Make us your home page
Instagram

Today’s top headlines delivered to you daily.

(View our Privacy Policy)

Race on for a hit cholesterol drug

She was a 32-year-old aerobics instructor from a Dallas suburb — healthy, college-educated, with two young children. Nothing out of the ordinary, except one thing.

Her cholesterol was astoundingly low. Her low-density lipoprotein, or LDL, the form that promotes heart disease, was 14 — unheard-of in healthy adults whose normal level is over 100.

The reason was a rare gene mutation she had inherited from her mother and her father. Only one other person, a young, healthy Zimbabwean woman whose LDL cholesterol was 15, has been found with the same double dose of the mutation.

The discovery of the mutation and of the two women with their dazzlingly low LDL levels has set off one of the greatest medical chases ever. It is a fevered race among three pharmaceutical companies — Amgen, Pfizer and Sanofi — to test and win approval for a drug that mimics the effects of the mutation, drives LDL levels to new lows and prevents heart attacks. All three companies have drugs in clinical trials and report that their results, so far, are exciting.

"This is our top priority," said Dr. Andrew Plump, the head of translational medicine at Sanofi. "Nothing else we are doing has the same public health impact."

Dr. Gary Gibbons, director of the National Heart, Lung, and Blood Institute, estimates that even if the drugs were expensive and injected, as many as 2 million Americans might be candidates. But if they could eventually be made affordable and in pill form — two very big ifs — they might be used by one in four adults, he said.

Despite major gains over the past half-century, heart disease remains the leading killer of Americans, causing nearly 600,000 deaths a year. Statins, the cholesterol-lowering drugs that went on the market in 1987, were a huge breakthrough but far from a panacea.

So far, people with high cholesterol levels who are taking the drugs in studies have seen their LDL levels plunging from levels well over 100 to 50, 40 or lower. Like insulin for diabetes, the drugs are injected, but they are taken once or twice a month.

Race on for a hit cholesterol drug 07/09/13 [Last modified: Tuesday, July 9, 2013 11:14pm]
Photo reprints | Article reprints

Copyright: For copyright information, please check with the distributor of this item, New York Times.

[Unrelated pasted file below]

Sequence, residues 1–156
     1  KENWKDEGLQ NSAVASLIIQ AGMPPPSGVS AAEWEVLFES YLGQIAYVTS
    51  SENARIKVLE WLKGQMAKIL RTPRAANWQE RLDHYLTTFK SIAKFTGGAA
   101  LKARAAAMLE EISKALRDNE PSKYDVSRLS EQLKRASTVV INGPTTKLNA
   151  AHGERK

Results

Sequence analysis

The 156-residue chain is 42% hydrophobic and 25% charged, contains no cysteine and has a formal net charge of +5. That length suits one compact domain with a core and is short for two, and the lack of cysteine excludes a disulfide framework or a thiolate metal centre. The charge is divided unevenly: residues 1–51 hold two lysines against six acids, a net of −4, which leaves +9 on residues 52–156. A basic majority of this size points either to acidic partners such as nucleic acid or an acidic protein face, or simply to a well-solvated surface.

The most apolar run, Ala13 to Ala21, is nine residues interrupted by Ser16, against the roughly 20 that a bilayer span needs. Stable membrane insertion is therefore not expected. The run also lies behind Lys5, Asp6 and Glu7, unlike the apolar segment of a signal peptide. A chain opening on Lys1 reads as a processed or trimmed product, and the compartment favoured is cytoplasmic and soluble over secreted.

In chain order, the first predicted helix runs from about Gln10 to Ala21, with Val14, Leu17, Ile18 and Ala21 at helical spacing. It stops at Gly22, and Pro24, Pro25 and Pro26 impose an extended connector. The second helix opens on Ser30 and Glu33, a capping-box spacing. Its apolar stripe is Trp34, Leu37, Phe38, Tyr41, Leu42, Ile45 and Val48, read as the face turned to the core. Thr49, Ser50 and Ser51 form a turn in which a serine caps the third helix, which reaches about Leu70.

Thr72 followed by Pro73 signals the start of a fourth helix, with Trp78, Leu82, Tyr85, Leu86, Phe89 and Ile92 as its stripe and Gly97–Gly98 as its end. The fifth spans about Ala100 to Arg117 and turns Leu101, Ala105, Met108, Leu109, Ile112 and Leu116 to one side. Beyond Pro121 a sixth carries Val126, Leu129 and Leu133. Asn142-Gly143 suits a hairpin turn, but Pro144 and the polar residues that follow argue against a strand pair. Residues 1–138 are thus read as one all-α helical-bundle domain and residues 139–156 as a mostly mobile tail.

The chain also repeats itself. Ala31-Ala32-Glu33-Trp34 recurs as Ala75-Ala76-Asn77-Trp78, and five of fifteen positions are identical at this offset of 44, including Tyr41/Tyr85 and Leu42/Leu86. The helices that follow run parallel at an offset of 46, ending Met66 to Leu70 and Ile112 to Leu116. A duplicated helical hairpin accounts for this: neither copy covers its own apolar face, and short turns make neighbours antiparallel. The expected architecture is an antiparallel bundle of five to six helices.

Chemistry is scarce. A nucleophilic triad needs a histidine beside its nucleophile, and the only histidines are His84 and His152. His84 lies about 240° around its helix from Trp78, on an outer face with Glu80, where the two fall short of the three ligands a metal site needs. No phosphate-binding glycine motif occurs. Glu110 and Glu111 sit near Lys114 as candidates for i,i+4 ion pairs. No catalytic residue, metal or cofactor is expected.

Join the discussion: Click to view comments, add yours

Loading...
  1. Water leak slows traffic in Westshore area

    Public Safety

    TAMPA –– A broken water main has closed the westbound lane of West Cypress Street between North Westshore Boulevard and North Ward Street. The city estimates the repairs will be completed by 7 a.m. on Sunday.

  2. Fox renewed O'Reilly contract despite knowing of allegations

    Nation

    NEW YORK (AP) — The Fox News Channel says the company knew a news analyst planned to file a sexual harassment lawsuit against Bill O'Reilly when it renewed the popular personality's contract in February.

    Fox News commentator Bill O'Reilly appears on the Fox News show, "The O'Reilly Factor," in New York. O'Reilly has lost his job at Fox News Channel in April following reports that several women had been paid millions of dollars to keep quiet about harassment allegations. [Associated Press file]
  3. Conviction overturned 30 years later in neo-Nazi murder case

    Criminal

    TAMPA — A judge on Friday overturned the murder conviction of Dean McKee now that new evidence has raised doubt about McKee's guilt in a Tampa slaying that occurred nearly three decades ago when he was 16.

    In 1987, a St. Petersburg Times reporter interviewed Dean McKee for a story about young skinheads in Tampa. [Times | 1987]
  4. Experts have some theories on who's carrying out Seminole Heights killings

    Crime

    The words serial killer tend to conjure an image of a middle-aged white man, likely a loner. He stabs or chokes or strangles, murdering up close for the thrill, straight out of central casting.

    A memorial was set up where Anthony Naiboa, 20, was found shot to death in Seminole Heights. Some experts who have reviewed information in the case say that whoever is behind the three Seminole Heights killings may live in the area. [JONATHAN CAPRIEL  |  Times]
  5. Late fumble, field goal send Florida State to another loss

    College

    TALLAHASSEE — Florida State coach Jimbo Fisher didn't have an explanation for the turning point in Saturday's 31-28 last-second loss to Louisville.

    Louisville's Lamar Jackson gets past Florida State's Matthew Thomas to score in the first quarter of an NCAA college football game, Saturday, Oct. 21, 2017, in Tallahassee Fla. (AP Photo/Steve Cannon) FLSC102